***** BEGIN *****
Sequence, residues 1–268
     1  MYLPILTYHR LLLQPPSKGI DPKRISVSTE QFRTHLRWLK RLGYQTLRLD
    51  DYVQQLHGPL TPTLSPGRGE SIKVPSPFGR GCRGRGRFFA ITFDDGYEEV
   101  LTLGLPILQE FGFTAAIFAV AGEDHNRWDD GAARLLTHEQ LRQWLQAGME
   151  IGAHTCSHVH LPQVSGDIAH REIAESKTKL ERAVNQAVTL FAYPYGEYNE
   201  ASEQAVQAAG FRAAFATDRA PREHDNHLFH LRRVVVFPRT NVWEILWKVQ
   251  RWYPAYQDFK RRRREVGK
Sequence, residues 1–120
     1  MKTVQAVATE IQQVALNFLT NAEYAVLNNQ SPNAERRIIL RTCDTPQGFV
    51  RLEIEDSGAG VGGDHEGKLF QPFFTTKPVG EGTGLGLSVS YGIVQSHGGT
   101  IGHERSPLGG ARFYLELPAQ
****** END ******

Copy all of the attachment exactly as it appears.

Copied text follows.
Sequence, residues 1–268
     1  MYLPILTYHR LLLQPPSKGI DPKRISVSTE QFRTHLRWLK RLGYQTLRLD
    51  DYVQQLHGPL TPTLSPGRGE SIKVPSPFGR GCRGRGRFFA ITFDDGYEEV
   101  LTLGLPILQE FGFTAAIFAV AGEDHNRWDD GAARLLTHEQ LRQWLQAGME
   151  IGAHTCSHVH LPQVSGDIAH REIAESKTKL ERAVNQAVTL FAYPYGEYNE
   201  ASEQAVQAAG FRAAFATDRA PREHDNHLFH LRRVVVFPRT NVWEILWKVQ
   251  RWYPAYQDFK RRRREVGK
Sequence, residues 1–120
     1  MKTVQAVATE IQQVALNFLT NAEYAVLNNQ SPNAERRIIL RTCDTPQGFV
    51  RLEIEDSGAG VGGDHEGKLF QPFFTTKPVG EGTGLGLSVS YGIVQSHGGT
   101  IGHERSPLGG ARFYLELPAQ